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  14. Барбоса

    Барбоса doesn't know REAL wrestling...

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    Funny you should bring up ancient times... it turns out that despite the Olympics and other games supposedly stopping wars, the ancients made plenty of room for sporting events to be political statements.

    https://www.forbes.com/sites/drsara...always-been-a-venue-for-protest/#b41890e180c8
     
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  15. GI Cake

    GI Cake Thank God For Sodamy.

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    Forced patriotism is not true patriotism. Personally I had to completely alter my lifestyle, eating habits, and mindset just for the chance to enlist in the United States Army. I grew up in a family of Marines, and Soldiers that have fought for the country as far back as World War I. I have uncles, and cousins buried under the flag and now I have friends that I have served with that were buried under the same flag they were on their shoulders to Afghanistan. But being a sane, reasonable human being. An athlete electing to take a knee during the National Anthem does not bother me in the slightest.

    The National Anthem, and the United States flag are symbols. Symbols are objects that we give meaning to, not something that creates it's own meaning. The stars and stripes do not make American values, it's the individual that generates that meaning. For me personally, the flag and the National Anthem mean more to me than it did a few years ago when I was a civilian but that is because of the history behind it.

    But that meaning won't ever be understood by the overwhelming majority of Americans, I wouldn't expect them too. In fact, there's nothing that causes more cringe than those that get over-enthusiastic to show their support to a service member or a veteran when they realize they are talking to me, or my old man. So if the flag and the National Anthem makes you think of the military? Good for you.

    But there's also a population that cannot help but feel disenfranchised by the country, and whatever you may feel about it once again the symbols of the flag, and the anthem won't generate feelings of patriotism and military support for people who feel the country hasn't supported their growth as it has for someone like myself. To demand people to feel like you do about the Anthem, and to demand you want them to stand because it makes your freedom boner tingle is one of the least American things one can do.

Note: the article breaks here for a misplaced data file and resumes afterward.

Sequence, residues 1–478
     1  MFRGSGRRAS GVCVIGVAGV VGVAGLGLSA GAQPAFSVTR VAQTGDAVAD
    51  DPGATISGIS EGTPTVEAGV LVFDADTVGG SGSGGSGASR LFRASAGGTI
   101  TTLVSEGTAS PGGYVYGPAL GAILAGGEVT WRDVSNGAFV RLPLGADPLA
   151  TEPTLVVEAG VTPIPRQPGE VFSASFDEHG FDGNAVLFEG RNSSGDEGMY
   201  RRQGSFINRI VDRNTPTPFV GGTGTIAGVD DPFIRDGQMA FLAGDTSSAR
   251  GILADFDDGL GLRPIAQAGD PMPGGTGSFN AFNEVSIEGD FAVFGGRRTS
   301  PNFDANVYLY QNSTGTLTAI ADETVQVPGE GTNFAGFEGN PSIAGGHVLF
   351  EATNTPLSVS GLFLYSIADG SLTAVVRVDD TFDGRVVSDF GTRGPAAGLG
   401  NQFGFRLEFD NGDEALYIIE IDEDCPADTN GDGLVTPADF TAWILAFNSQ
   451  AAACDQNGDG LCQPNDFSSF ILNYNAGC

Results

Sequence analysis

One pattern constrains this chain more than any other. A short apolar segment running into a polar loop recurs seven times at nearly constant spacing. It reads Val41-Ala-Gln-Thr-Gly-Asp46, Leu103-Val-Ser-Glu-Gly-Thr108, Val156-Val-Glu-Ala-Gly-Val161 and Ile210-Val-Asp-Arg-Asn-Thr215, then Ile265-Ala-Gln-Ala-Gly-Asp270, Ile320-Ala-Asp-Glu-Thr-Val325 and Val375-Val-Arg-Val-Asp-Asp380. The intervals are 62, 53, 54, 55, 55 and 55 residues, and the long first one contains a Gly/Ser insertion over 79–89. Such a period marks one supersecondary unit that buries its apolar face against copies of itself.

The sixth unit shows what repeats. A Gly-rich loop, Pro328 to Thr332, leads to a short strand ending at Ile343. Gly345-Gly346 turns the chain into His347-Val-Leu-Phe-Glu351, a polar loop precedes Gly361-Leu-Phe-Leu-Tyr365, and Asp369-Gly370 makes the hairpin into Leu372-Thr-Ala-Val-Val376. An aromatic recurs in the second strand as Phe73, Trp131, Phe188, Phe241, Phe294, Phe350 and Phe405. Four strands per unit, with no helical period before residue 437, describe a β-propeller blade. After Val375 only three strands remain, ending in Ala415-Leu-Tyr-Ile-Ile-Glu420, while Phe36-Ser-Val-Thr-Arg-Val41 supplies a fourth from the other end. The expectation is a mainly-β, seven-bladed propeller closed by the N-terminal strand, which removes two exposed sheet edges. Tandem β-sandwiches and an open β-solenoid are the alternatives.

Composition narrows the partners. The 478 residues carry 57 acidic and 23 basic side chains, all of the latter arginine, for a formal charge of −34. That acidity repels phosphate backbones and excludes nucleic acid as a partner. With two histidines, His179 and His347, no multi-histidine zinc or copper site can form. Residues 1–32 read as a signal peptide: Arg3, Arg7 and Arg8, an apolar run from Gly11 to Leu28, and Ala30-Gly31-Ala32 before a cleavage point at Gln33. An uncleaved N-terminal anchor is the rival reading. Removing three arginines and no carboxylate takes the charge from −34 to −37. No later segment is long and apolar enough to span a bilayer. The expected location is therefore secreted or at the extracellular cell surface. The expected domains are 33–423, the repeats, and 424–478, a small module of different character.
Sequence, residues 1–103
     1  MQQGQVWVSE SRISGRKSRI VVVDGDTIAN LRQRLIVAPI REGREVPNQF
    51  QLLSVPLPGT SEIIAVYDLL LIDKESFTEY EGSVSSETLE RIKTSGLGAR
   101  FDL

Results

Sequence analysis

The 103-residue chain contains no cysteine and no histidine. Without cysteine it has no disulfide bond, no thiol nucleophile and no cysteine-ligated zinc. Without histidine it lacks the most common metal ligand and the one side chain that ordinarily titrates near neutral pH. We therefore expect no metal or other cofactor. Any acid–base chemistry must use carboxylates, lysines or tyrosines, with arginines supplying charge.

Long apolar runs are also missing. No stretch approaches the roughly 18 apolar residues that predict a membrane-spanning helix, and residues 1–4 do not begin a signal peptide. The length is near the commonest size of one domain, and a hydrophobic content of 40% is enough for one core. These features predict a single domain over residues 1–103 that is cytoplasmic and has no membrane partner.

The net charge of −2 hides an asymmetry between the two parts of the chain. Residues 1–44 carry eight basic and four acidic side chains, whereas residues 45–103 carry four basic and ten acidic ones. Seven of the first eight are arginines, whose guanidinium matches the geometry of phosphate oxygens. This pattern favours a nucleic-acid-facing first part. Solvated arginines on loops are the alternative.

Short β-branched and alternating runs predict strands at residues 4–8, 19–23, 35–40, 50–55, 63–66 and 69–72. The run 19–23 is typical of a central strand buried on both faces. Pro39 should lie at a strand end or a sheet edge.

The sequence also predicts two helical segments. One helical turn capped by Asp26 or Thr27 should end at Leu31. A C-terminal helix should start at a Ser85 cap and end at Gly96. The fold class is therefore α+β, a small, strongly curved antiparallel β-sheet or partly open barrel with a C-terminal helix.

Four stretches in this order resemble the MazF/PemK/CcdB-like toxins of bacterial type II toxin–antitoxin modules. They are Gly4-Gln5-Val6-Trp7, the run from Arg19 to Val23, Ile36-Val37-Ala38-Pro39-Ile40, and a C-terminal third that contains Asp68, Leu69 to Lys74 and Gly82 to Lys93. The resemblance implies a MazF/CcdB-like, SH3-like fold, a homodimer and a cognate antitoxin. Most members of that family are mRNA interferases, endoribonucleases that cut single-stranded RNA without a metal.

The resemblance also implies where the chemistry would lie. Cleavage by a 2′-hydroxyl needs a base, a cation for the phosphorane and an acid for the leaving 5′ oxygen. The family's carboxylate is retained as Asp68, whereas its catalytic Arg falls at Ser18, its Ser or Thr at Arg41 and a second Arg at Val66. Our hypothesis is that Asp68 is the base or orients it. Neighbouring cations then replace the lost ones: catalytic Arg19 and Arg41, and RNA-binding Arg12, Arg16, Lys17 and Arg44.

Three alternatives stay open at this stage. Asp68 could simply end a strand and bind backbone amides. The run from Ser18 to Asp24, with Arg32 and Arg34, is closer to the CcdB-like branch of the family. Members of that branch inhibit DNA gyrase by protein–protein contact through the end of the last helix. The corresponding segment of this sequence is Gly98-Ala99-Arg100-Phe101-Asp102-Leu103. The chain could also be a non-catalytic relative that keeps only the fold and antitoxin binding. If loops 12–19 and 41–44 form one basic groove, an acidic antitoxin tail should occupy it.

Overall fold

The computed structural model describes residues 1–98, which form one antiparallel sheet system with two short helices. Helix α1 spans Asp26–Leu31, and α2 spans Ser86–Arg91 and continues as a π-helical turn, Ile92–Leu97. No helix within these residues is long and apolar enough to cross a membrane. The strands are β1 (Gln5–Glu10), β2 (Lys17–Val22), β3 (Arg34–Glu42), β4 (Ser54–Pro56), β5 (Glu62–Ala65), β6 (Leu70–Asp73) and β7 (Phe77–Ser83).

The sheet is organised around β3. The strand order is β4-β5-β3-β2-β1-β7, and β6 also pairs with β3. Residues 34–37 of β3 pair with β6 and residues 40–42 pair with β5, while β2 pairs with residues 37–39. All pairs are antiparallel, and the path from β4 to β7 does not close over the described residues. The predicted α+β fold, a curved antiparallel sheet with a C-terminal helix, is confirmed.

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  16. Kodo Sawaki

    Kodo Sawaki Championship Contender

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    True, it wasnt and it still isnt Utopia. Ancients even used it to establish political dominance over rivals during it.

    Problem in that is that sport should be separated. And that now sports federations (most of it) have rules against it that result in fines and suspensions. So when you want to make political statement you get this

    http://www.b92.net/eng/news/politics.php?yyyy=2008&mm=03&dd=21&nav_id=48658

    As you should.

    Now rules as rules are rigid category. Somebody upholds them, somebody doesnt, somebody just get "slap by a hand" etc. Which doesnt really change the fact that politics is separated from sport and that it should be that way.
     
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  17. Jack-Hammer

    Jack-Hammer YOU WILL RESPECT MY AUTHORITAH!!!!
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    As GI Cake said, forced patriotism isn't legitimate patriotism. Just because you stand, kneel, sit or whatever during the playing of the National Anthem isn't an automatic sign of respect or disrespect.

    One thing I always notice about many on the conservative right is that they seem to feel they hold the monopoly on what's patriotic and what isn't even after all this time. Many of them are all about displays of patriotism and free speech so long as it's in line with conservative ideology just like they're supposedly against big government; they hate big government trying to make it harder to purchase deadly weapons but they're all for the government regulating what movies & TV shows people should be able to watch, what books should be available to students in school and what consenting adults do with one another in their private lives.